Monday, March 10, 2014
We must clearly define what we mean by local production since “local” production has come to mean different things to different people. There are those who have turned “local” production into an ecological cause, a healthy alternative, or a political statement. Such “local” initiatives have little to do with healthy localism. In fact, without a special set of circumstances, even handcrafted goods or homegrown crops will not necessarily enrich a local culture.
The principal presupposition of authentic local production is a close interrelationship between producers, inhabitants, and the locality. There must be that turning inward by which a people use their own local resources to make products suited to their tastes and oriented towards the perfection of their society.
In this sense, demand should influence production much more than production should determine demand. By constantly adjusting available materials to local tastes, producer and consumer should become the “co-creators” of goods. For example, a farmer might plant crops he perceives are both suited to his soil and prized by his customers. A local cuisine develops when chefs constantly adjust local dishes and native ingredients to reflect what local people like.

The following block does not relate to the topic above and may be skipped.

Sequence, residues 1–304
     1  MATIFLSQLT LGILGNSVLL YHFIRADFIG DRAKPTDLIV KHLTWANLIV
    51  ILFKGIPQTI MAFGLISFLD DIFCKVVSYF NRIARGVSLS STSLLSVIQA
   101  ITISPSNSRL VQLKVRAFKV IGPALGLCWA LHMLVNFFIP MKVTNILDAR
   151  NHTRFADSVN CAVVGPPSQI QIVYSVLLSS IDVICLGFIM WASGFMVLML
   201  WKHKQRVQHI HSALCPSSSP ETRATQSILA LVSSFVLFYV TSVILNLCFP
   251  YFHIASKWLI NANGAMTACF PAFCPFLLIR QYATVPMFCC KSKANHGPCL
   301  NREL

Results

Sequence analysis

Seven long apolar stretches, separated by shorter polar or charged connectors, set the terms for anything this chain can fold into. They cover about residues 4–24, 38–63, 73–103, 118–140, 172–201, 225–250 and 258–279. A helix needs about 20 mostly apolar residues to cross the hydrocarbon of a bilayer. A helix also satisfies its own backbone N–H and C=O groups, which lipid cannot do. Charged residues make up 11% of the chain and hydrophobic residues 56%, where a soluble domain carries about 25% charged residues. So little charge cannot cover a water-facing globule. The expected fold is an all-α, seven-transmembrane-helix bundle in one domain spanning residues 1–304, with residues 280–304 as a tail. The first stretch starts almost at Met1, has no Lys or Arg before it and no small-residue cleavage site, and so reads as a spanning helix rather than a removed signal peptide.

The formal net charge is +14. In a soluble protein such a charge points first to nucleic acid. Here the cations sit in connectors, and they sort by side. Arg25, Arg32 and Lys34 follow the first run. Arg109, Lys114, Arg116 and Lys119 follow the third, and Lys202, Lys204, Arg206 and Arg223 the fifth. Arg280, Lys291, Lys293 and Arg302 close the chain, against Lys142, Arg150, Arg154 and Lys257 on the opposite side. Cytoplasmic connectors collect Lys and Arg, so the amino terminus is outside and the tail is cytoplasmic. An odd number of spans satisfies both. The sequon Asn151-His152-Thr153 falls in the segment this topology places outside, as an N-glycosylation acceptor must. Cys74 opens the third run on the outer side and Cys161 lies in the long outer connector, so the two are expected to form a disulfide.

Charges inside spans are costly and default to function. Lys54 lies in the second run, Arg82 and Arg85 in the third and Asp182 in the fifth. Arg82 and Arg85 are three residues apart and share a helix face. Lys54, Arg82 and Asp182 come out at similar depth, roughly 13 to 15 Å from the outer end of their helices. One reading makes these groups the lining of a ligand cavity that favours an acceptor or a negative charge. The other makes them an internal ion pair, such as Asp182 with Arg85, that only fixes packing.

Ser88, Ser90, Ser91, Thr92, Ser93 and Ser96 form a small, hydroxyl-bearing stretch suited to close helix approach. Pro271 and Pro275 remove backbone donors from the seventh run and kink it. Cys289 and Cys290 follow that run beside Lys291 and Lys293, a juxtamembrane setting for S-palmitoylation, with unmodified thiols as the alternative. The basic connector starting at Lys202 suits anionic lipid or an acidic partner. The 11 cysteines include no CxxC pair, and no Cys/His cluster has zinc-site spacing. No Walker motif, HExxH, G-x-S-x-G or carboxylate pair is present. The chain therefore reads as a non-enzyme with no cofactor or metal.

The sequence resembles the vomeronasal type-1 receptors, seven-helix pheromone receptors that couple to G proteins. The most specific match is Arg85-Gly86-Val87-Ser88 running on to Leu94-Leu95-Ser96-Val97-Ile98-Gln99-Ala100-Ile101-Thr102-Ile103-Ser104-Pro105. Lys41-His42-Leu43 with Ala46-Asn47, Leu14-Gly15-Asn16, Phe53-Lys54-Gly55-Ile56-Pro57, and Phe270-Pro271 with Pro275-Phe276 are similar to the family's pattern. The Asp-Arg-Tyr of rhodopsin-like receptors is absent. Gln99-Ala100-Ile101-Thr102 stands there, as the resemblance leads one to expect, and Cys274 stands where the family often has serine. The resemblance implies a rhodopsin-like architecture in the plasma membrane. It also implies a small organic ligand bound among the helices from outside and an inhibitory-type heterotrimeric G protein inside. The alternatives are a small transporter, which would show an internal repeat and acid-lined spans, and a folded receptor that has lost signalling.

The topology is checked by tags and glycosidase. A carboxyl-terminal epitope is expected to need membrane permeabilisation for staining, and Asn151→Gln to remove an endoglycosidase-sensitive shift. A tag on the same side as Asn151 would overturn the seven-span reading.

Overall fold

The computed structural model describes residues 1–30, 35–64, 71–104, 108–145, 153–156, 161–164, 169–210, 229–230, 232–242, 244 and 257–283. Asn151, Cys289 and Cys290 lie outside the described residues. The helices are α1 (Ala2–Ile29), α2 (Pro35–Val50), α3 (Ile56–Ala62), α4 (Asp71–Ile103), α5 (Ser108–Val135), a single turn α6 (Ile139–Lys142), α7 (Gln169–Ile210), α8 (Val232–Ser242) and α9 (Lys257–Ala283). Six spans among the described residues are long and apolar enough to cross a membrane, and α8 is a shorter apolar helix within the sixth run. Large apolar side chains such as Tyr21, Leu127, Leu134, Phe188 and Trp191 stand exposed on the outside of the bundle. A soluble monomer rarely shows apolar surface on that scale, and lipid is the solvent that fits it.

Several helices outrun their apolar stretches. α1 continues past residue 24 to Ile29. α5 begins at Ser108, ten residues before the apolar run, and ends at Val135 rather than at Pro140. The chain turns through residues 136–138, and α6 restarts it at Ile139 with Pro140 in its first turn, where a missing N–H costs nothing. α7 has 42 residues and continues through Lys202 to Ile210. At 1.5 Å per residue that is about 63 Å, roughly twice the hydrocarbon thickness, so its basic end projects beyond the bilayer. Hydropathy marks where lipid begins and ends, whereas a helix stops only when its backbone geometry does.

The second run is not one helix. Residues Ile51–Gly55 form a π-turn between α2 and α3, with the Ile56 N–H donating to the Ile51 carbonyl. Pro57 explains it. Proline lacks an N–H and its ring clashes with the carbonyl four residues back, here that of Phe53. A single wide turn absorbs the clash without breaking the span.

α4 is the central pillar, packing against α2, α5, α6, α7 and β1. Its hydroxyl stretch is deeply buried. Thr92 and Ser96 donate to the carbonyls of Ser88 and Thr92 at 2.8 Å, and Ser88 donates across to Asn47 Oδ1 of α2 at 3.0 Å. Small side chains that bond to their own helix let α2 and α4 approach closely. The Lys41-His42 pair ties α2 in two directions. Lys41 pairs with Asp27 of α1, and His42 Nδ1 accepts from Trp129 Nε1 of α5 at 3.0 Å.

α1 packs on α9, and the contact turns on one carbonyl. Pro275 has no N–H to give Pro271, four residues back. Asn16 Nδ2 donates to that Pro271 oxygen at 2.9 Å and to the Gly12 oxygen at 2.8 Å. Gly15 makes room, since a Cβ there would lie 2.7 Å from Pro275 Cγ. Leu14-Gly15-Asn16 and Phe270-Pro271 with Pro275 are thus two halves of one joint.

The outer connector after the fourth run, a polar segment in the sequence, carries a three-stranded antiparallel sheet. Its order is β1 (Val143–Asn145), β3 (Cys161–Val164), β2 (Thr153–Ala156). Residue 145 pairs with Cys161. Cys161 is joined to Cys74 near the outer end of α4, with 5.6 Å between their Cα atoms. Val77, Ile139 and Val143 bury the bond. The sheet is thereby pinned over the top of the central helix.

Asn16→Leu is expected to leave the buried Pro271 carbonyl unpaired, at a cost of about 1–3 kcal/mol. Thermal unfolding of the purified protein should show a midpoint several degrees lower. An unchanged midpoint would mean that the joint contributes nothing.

We might mention as an example certain sheep cheeses from the wild and brambly regions of Corsica that are coated with rosemary, thyme, fern leaves, fennel seeds, savory, or juniper berries.* In the profoundly Christian souls of the artisans who make these fine cheeses, we encounter a passion for perfection that leads to the search for the ideal cheese through the constant interaction between the cheese makers and the local population over the course of generations. Hence, local production is a distilling process where the people experience the spiritual joy of seeing the product of their joint creativity with the materials at hand.